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Should You Tithe While Paying off Debt?

tithe-with-debt

The Bible has a lot to say about money, but the modern application of biblical principles can be elusive at times.

If only God would send down a stone tablet with a list of applicable verses for what to do in Baby Step #2 (pay off non-mortgage debt).

It’s a conundrum: you want to give generously, but you also want to pay off this debt ASAP!

What’s a Christian in Baby Step #2 supposed to do? Tithe and pay off the debt slower? Or put giving aside temporarily until the debt is gone?

For Christians, I believe the answer is clear: continue to give even though you are in debt.

Sometimes it’s easier to start with what giving is NOT, so we can get past the surface to see what it’s really about.

God doesn’t need us to give. He lets us give.

The idea that God needs “our” money. Ha! If he needed it he could take it. He owns everything anyway and he doesn’t need our help. (Thank goodness, because I’d cave under the pressure.)

Now that I have young children, God uses them constantly to illustrate the relationship that I have to Him. Case in point: I let my twin girls help me cook. I let them pour in the flour and stir the batter when we make cookies. They help me fold laundry- sort of. You can imagine what that looks like! They love to push the buttons on the washing machine and sweep the floors with their miniature brooms.

I gotta say, this slows me down. I could get the work done so much faster without them. (You probably see where I’m going with this.)

They need my direction and guidance, and they will find a way to mess it up if I don’t show them exactly what to do. But I get the joy of teaching them and watching them beam with accomplishment.

I love getting to include them in my work!

And God does, too. He includes us in what he’s already doing. He invites us to take part.

Giving Cheerfully

When we give a portion of our money, we accept the invitation to be included in what God would do with that precious resource. Don’t wait until you think you have enough- if you have something, you have enough!

This is why God wants us to give cheerfully. If you handed out birthday party invitations, would you want your guests to attend if they didn’t really want to? Of course not!

Likewise, God doesn’t want his invitation to be accepted with a worrisome or negative attitude. It’s a gift to be included. And by God himself. In HIS work!

Debt-freedom is an important goal, but it’s not the ultimate goal. The ultimate goal (with money) is to manage it in submission to God, and consistent, regular giving is part of that.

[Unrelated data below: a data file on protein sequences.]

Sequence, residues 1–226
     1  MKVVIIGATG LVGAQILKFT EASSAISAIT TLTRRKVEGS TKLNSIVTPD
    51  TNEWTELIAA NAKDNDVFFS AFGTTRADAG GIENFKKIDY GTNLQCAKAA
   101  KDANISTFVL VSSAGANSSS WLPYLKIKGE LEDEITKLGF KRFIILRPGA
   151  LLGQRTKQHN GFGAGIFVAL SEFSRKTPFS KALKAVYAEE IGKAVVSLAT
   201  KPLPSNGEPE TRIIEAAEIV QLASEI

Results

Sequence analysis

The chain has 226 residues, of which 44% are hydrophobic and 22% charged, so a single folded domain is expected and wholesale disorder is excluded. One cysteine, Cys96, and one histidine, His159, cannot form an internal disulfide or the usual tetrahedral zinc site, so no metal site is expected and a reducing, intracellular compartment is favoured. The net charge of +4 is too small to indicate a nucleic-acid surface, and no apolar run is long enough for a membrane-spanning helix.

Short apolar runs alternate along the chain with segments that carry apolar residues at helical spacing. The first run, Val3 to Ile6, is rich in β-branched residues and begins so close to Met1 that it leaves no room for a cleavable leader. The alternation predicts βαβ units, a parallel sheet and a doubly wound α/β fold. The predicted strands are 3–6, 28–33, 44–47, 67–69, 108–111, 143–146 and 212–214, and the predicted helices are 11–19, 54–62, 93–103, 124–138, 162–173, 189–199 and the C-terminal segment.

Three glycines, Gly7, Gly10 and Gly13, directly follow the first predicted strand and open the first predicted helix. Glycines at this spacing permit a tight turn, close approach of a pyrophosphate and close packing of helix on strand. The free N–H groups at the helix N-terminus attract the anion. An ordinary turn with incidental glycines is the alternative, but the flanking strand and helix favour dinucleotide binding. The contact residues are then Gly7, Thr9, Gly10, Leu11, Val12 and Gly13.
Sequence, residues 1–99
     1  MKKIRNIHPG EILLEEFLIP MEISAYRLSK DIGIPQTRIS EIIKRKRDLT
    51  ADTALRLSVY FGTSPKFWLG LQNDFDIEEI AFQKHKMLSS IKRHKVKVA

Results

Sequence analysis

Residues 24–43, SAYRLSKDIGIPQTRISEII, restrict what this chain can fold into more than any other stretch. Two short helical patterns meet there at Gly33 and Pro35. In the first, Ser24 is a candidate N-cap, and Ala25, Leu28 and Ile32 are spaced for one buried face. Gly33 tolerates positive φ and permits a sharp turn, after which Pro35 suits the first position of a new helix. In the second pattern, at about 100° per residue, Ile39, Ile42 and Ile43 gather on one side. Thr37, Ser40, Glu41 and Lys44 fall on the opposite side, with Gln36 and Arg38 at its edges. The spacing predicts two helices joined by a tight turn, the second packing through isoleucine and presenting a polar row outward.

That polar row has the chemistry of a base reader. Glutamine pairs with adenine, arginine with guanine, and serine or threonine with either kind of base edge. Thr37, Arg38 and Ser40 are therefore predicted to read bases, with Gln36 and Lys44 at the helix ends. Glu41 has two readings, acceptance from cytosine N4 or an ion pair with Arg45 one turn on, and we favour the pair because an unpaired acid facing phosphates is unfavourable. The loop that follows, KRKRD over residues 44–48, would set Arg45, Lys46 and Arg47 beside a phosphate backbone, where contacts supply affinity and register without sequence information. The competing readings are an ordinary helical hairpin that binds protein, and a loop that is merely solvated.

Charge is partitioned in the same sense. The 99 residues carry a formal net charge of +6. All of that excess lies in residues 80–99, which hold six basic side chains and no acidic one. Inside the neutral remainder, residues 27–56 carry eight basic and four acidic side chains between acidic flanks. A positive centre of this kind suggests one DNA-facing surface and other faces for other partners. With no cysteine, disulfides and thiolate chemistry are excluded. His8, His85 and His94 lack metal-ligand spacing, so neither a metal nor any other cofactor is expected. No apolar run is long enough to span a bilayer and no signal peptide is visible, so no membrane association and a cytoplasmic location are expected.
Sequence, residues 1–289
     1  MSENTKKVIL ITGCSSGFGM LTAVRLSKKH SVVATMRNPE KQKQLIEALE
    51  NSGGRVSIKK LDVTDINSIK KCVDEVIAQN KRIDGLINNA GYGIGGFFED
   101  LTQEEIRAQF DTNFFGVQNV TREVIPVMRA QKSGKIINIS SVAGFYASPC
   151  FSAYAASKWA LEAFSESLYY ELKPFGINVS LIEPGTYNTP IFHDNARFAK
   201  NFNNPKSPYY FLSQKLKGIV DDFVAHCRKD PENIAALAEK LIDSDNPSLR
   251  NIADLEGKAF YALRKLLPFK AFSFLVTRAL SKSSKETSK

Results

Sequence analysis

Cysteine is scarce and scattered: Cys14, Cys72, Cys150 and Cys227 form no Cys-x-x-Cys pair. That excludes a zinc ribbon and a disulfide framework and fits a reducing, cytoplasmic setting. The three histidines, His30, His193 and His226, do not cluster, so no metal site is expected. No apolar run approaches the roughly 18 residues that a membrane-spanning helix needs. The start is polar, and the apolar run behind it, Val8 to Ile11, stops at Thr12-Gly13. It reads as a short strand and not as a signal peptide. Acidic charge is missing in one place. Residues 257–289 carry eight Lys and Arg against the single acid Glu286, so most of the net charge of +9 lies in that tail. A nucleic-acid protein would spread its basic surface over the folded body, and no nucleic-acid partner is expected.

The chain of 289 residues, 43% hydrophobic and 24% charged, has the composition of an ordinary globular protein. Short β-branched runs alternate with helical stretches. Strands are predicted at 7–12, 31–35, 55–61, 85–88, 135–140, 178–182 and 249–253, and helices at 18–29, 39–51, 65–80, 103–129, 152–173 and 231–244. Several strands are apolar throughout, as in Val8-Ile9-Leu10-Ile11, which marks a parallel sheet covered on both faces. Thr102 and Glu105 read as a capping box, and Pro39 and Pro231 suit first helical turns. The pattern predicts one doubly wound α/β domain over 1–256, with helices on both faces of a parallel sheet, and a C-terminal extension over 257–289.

The blessings of giving are way beyond the benefit of any financial savings we could accumulate by withholding our tithe.

In fact, one of the blessings of giving is that it keeps our perspective in check. It gives us that tangible reminder that we are not our own providers. God is. We need to rely on this truth always, but it’s an especially important concept to cling to in Baby Step #2.

God is not the Stock Market. But He is a Faithful Provider!

It’s also important to remember that God is not the stock market. 

That is, we don’t give with the expectation that God will send a check in the mail for double what we put in the Sunday offering. I don’t actually buy into the theology that if you give, God will return it to you in some way.

At the same time, I also believe we can’t outgive God.

What I mean by this is God’s pretty good at showing up and providing in ways we would never expect.

I’ve had so many clients and friends describe how when they give the tithe from the first of their paycheck, that they always seem to have enough. And they have peace with their money. When they don’t, they tend to experience worry, or they spend away what they were planning to give, and the money feels like it just drains away faster.  

I think there’s some level of practical stewardship at play here; tithing requires more intentionality with the budget and keeping our spending priorities in check.

There is also a spiritual transaction that happens when we give. God gives his blessing when when we obey him, and it’s as true with money as with anything else. I’m sure God has and does supernaturally intervene at times. But he also works in the ordinary, and that’s easy to miss if we aren’t paying attention. Tithing helps us to pay attention.

Giving isn’t something you only get to do once you have extra money. Sure you get to give more when you have more (because math) but the spiritual implications of giving go far beyond the amount.

God wants us to give cheerfully as we manage our money with wisdom and to trust that he will provide for all of our needs. Even in the middle of the debt snowball.

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